NEW YORK Fashion Week in New York started on Thursday with designer runways shrouded in gray, and only occasional rays of color breaking through the layers of smoke, coal, mercury, lead and graphite hues.
Designers from Nicholas K to BCBGMaxazria swathed models in knitted wraps over jackets over tunics over slacks -- all in monochromatic tones that mostly clung to shades of gray, and rarely strayed further than dense military green or dusty slate blue.
The designers were the first to kick off the semi-annual fashion extravaganza in New York, where more than 90 designers are unveiling collections at the Mercedes Benz Fashion Week in Manhattan's Lincoln Center. Hundreds of others will be showing their lines in other venues around the city through next Thursday.
The looks they are unveiling are designs for the fall and winter 2013 season.
Loose cuts dominated on Thursday, bringing an updated grunge look, particularly at BCBG, where every model sported a saggy, knitted hipster beanie.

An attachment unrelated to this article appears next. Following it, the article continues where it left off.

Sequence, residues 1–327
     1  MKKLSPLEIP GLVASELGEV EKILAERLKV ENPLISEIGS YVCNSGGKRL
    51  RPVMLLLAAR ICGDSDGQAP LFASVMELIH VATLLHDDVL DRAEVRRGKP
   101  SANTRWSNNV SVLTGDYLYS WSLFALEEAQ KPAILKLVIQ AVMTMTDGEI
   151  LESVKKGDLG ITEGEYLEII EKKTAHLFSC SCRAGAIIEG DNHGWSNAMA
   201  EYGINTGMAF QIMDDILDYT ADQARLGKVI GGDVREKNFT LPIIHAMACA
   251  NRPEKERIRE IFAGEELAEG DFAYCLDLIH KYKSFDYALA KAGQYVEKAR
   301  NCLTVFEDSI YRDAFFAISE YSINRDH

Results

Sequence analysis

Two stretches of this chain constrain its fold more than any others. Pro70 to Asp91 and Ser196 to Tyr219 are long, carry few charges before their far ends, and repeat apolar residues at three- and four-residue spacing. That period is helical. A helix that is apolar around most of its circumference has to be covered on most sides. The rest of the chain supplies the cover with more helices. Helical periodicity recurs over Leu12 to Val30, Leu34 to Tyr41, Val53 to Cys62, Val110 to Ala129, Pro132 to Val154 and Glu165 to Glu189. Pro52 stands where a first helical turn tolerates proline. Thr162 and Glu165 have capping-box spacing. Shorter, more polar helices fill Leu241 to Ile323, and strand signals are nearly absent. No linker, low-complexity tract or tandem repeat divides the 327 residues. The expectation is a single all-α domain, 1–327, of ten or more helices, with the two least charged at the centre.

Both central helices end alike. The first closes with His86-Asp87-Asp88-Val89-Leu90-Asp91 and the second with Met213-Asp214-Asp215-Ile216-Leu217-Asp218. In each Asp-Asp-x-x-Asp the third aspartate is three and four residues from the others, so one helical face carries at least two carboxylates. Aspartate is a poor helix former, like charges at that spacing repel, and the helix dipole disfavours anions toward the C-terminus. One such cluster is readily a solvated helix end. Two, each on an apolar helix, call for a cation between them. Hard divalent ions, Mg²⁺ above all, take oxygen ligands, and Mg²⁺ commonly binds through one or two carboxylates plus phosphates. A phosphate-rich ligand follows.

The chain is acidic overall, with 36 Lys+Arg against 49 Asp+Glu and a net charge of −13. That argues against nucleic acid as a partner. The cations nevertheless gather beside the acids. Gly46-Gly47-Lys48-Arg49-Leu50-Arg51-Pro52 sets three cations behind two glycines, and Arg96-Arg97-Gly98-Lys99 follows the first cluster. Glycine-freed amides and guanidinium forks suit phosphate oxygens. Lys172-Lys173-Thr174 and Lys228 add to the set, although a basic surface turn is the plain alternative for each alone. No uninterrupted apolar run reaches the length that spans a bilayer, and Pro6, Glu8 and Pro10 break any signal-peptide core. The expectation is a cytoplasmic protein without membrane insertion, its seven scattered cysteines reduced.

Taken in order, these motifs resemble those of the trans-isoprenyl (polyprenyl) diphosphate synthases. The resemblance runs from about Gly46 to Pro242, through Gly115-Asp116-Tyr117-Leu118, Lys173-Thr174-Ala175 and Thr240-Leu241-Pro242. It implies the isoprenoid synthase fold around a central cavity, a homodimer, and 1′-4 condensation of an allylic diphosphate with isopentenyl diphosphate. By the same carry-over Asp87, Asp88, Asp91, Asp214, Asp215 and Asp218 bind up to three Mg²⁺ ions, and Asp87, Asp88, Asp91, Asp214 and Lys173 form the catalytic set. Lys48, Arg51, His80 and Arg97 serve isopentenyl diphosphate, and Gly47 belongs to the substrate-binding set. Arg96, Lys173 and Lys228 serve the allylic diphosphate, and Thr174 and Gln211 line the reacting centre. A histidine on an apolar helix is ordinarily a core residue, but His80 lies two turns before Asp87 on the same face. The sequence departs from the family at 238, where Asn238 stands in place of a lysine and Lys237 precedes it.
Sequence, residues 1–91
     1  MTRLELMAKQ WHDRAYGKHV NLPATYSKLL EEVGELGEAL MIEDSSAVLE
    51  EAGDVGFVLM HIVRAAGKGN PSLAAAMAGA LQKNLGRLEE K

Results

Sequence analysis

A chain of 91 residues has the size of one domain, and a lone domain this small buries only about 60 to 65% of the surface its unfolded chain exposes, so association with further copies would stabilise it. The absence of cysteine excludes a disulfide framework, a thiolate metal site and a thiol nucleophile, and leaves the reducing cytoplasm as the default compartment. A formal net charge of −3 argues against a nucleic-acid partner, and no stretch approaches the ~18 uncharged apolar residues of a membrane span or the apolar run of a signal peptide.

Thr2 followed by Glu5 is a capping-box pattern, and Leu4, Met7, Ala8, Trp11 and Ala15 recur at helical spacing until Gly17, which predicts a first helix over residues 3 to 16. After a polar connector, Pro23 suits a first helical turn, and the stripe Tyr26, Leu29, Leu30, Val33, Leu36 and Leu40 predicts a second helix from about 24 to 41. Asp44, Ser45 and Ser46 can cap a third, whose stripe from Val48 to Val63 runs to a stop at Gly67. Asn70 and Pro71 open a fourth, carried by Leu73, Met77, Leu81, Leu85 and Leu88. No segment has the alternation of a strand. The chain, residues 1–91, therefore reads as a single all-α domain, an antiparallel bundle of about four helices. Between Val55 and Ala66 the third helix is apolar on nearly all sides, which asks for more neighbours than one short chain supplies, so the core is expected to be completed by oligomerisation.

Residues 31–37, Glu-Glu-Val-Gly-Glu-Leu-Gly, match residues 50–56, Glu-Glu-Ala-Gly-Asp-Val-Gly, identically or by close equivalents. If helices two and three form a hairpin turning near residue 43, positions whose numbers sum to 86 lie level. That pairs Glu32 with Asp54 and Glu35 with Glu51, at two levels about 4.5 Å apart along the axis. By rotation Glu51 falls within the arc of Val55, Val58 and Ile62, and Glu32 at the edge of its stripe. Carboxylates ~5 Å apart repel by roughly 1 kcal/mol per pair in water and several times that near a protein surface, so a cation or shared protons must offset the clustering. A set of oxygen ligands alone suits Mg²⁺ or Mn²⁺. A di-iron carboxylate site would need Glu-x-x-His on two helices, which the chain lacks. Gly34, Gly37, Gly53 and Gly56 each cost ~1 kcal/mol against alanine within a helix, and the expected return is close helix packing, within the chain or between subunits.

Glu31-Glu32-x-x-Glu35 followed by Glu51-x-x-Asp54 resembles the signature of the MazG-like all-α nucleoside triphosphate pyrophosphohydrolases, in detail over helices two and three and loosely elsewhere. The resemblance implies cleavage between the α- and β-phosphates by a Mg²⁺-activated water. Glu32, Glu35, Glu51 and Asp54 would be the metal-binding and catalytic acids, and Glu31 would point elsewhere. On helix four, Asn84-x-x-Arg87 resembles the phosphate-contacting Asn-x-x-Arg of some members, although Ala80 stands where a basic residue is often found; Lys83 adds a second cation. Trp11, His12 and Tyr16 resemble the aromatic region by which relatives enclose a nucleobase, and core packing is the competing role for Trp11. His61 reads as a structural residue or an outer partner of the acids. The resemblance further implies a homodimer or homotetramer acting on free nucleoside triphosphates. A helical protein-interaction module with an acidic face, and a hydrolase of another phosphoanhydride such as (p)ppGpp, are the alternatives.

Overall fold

"Gray looks like the No. 1 choice this year," said Antonio Olimpio, a fashion photographer's scout who was attending the shows to find resources for photo shoots.
"I love my grays and blacks," said the 19-year-old Olimpio. "The contrasting colors clean up the look. It's a refreshing take on fall."
Occasional breaks in the overcast tones on the catwalks brought flashes of burgundy and teal, although the go-to color of the day was purple.
Violescent dresses, skirts and shirts were paired with black-and-white coordinating pieces by Richard Chai Love. The designer cut lavender damask into dresses, coats and suits.
Nicholas K, meanwhile, showed a handful of smoky mauve fashions, including a luscious knitted wrap and a luminescent jacket.
Timo Weiland employed purple and black damask in pants and a stunning suit with an ebony fur-edged jacket and skirt. Much of his collection was anchored in gray and tan damask, black-and-white box plaid and military green leather.
Richard Chai Love also featured boxy plaids, some black and white, others brown and white, as well as cotton and nylon pieces in graphite.
Among the most striking fashions were those in Nicholas K's collection, which featured fabrics he described as lead, coal, mercury and smoke that appeared to be held together with a single slim strap of black leather across the chest or back.
For the most part, the collections were stocked with layered knits, leathers and wools that evoked a feeling of warmth, especially when envisioned against chilly steel skies of autumn.
(Editing by Ellen Wulfhorst and Leslie Adler)
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